So, a some weeks ago I sat in the audience at a writing salon (i.e. a few writers who’d already been to the pub beforehand then staggered to a bookstore and talked about writing) and listened to a discussion of how people work.
More specifically, how writers divide their time between the writing life and the rest of life: family, friends, the day job that pays the bills and buys the food that we, regrettably, cannot do without. I was fascinated to hear that each of these folk felt that being part-time writers was the best option: apart from earning dinner, beer, and electricity money, it made them appreciate their writing time a hell of a lot more than if they were free to be full-time.
It was an interesting thought but it brought home to me, yet again, that there’s no one-size-fits-all approach to being a writer.
I’ve tried the part-time writing life ? that’s how I started out ? and while I did produce a fair whack of work, I never felt satisfied with the time I was able to put to my craft. Whenever I had to go off to the day job (and I held several while I was in the early stages of my career) I resented it bitterly, felt torn away from doing something I loved; something that made me feel, for want of a better word, alive. It took me away from my stories, from a place I wanted to inhabit ? and every time I had to return, to worm my way back into that world I’d left, I found it unforgiving. It took so long to reacquaint myself with the other place that I felt I lost precious minutes in remembering what that fictional landscape looked like. The fact of the matter is that if I’m in the zone of the story, I am revolting to be around: I don’t want to pay attention to anyone or anything. I am inside a bubble, I am aimed at a goal, and woe betide anyone who stands in the way.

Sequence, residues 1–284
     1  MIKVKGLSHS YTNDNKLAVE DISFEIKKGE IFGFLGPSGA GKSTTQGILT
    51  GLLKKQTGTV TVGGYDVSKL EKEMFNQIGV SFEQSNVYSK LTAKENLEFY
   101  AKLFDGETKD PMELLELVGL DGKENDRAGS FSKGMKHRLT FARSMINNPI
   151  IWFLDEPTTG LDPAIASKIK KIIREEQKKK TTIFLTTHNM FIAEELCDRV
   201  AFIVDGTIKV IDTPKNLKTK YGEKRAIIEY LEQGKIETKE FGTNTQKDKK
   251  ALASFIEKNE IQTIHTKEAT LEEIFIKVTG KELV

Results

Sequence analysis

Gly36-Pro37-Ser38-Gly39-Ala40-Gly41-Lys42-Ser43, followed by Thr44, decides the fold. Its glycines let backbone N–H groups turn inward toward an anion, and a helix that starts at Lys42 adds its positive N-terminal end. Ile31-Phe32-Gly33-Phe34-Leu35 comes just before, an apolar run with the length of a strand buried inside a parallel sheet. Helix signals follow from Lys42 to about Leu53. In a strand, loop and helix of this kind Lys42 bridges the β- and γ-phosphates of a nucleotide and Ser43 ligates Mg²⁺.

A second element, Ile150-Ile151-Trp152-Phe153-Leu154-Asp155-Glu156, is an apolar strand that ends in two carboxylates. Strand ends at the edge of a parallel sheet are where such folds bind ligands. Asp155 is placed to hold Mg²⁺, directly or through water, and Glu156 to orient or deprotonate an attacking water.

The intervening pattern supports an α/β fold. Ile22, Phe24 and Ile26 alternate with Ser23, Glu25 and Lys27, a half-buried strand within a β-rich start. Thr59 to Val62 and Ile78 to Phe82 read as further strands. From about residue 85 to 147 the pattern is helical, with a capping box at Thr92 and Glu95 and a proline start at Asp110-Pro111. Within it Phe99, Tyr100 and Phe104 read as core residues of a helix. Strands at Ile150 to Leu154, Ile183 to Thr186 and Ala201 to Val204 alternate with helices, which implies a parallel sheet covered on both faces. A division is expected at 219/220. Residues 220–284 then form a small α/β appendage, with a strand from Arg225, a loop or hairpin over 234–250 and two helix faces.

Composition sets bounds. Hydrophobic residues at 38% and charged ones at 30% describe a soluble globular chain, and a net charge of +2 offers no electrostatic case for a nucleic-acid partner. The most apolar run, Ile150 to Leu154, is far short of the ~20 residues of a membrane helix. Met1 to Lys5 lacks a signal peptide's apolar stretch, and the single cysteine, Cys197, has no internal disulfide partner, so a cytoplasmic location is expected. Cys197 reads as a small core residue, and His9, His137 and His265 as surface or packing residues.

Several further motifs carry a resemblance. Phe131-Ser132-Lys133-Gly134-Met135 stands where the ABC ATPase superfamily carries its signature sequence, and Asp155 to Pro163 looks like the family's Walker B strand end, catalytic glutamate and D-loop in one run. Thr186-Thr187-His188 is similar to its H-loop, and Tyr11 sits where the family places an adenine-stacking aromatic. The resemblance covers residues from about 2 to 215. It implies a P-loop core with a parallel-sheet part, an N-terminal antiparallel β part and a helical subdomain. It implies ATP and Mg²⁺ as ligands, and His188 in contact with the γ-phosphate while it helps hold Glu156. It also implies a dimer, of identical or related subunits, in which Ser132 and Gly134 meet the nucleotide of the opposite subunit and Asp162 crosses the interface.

Fortunately for the world and all those in it, I’m in my third year as a full-time writer now (a position I can hold only through the patience, generosity, and extreme tolerance of my beloved Significant Other), and my productivity is considerably improved, as is my temper. I’ve got a routine and habits that enable me to pick up where I left off with minimal decompression required. That may simply be a side-effect of treating this as a professional space for so long. I would not be the writer I am if I was still holding down a day job.
Every writer is different. What works for one person may not work for another. Try new habits and processes by all means, experiment to find what is best for you, but don’t ever think that just because another writer swears by one technique that it is the thing you must do.
Are there things you do need to do? Things that are simply not negotiable? Yes:
And learn. Learn constantly no matter who you are or how long you’ve been writing, no matter the degree of success you attain. It doesn’t need to be formal classroom learning; it might be as simple as a weekly write club or coffee and cake with fellow scribblers to discuss writing craft and any problems you’re encountering, or techniques you’ve discovered and declared to be awesome. It may be going along to masterclasses the local writers centre or festival holds from time to time (case in point: I’m attending Karen Joy Fowler’s Brisbane Writers Festival masterclass, as are a LOT of already published writers with growing reputations). Even if it just reminds you of the things you’ve forgotten you know, it serves a valuable function in keeping your mind ticking over, hopefully helping you write new stuff that isn’t just a rehash of the old stuff (“Oh, look, another book where a loser-boy finds a magical realm where he can escape all his self-created problems” *raspbery noises*).
What works for one person may not work for another. It doesn’t make you somehow less of a writer. Writing techniques and habits are not cow-print onesies that fit everyone; they are bespoke outfits discovered through the process of trying them on and discarding the ones that are too tight or too loose or too beige or plaid.